Bernard Grech looked towards the road ahead in his first comments as the newly-elected Nationalist Party leader on Saturday night, pledging to mend the divisions in the party and prepare it to face the next election as an alternative government.
"This is not the end of the road but a starting point," he said in a victory speech at PN headquarters in Pieta’.
Grech made reference to the scale of his victory in the race against Adrian Delia, saying this instilled a greater sense of responsibility in him. He said he had already begun reaching out to MPs who had supported Delia, as well as those party members who had not voted for him, to begin gaining their trust.
He insisted that Delia would have a role in his shadow cabinet and encouraged deputy leaders Robert Arrigo and David Agius (whose positions are protected by the party statute) to remain in their posts.
Grech also shot down the Labour Party's characterisation of him as the choice of the "PN establishment".
"I am the choice of nearly 70 per cent of PN members who democratically voted for me," he said when asked by journalists. "I have never liked labels, and this sort of talk is only intended to create trouble. I don't need the advice of the Labour Party; they aren't the ones who put me here."
He insisted that under his leadership, the party would be in a stronger place to fight the next election, but warned that the Prime Minister may attempt to rush to the polls to shore up the administration.
"It would be shameful if Robert Abela were to rush to an election when the country is facing shockwaves from the pandemic, and when people and businesses are suffering. I urge him to make the correct decisions for the stability of the country."
The new leader said the larger number of members who voted in this election, compared to the last, was an encouraging sign about the strength of the party. He cautioned against reading too far into the 15 per cent - around 3,000 - who did not vote: his own parents, he said, were unable to do so due to COVID-19 precautions.
He urged party members to reach out to anyone who felt pushed away by events within the party. "The unity I am looking for is one that includes everyone and excludes nobody".
Appeal to party unity
Earlier, in an impromptu speech to campaign team members and colleagues, Grech made an appeal to party unity and acknowledged his own imperfections.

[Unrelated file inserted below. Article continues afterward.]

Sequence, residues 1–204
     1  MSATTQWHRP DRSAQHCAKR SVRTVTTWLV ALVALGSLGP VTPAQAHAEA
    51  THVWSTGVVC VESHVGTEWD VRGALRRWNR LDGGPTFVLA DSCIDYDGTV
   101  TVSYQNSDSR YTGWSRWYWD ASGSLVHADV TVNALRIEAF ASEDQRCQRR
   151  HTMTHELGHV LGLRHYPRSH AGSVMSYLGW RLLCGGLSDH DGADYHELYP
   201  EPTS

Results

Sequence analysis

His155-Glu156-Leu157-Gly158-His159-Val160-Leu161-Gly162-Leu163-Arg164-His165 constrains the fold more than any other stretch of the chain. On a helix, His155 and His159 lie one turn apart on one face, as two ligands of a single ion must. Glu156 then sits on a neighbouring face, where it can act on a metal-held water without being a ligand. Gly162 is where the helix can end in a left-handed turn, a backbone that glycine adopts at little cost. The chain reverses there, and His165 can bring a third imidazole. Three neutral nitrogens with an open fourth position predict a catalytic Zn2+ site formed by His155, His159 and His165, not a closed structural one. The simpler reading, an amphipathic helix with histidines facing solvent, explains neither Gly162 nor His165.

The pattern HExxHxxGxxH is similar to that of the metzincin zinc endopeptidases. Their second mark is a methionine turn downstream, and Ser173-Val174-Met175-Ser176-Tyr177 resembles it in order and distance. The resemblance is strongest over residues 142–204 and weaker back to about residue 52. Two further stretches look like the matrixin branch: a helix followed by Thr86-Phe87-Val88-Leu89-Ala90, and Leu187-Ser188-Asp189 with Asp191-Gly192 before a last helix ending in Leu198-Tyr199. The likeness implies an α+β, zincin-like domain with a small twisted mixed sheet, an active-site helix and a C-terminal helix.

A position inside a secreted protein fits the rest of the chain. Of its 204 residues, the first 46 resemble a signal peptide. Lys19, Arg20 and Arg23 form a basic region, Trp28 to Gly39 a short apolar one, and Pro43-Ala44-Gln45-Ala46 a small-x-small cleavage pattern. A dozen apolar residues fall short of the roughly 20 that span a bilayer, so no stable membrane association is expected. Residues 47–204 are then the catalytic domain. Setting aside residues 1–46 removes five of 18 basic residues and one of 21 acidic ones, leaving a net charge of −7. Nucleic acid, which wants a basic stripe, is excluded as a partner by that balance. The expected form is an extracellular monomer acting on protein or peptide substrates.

“There are people that I had a lot of faith in and that I chose, and others that I did not have faith in and who asked me to trust them. All these people came together into one team: a victorious team,” Grech said.
Votes in the leadership race between himself and incumbent Adrian Delia were still being counted when Grech spoke shortly before 9pm, but his victory had already been confirmed by Delia, who conceded defeat earlier.
Grech, a lawyer who has never occupied a political office before, gained popularity through regular appearances on television in which he defended the PN’s position during political discussions.
He was brought into the party’s official structures by Delia, who has said he wanted Grech to run as a PN candidate in the next general election.
In a Facebook post on Saturday night, Grech said he was certain Delia would “continue to play his part to the benefit of the party from now on forward”.
'I'm not perfect'
Grech emerged as a unity candidate for those within the party who had tired of Delia’s leadership, seeing off early frontrunners such as MP Therese Comodini Cachia, who eventually backed him.
So too did many other of the party’s MPs, as well as heavyweights such as former prime minister Lawrence Gonzi, and polls suggested he led Delia from the outset.
His image took a knock following revelations about his less-than-impeccable record with the taxman, and on Saturday night he alluded to those failings, saying “I’m not perfect”.
“Nobody is perfect, but the people don't want perfection, they want genuineness,” he said.
“They want us to pay attention and to tell the truth.”
Grech said the party now had to “ensure that the Nationalist Party can once again become the natural party of the Maltese people.”
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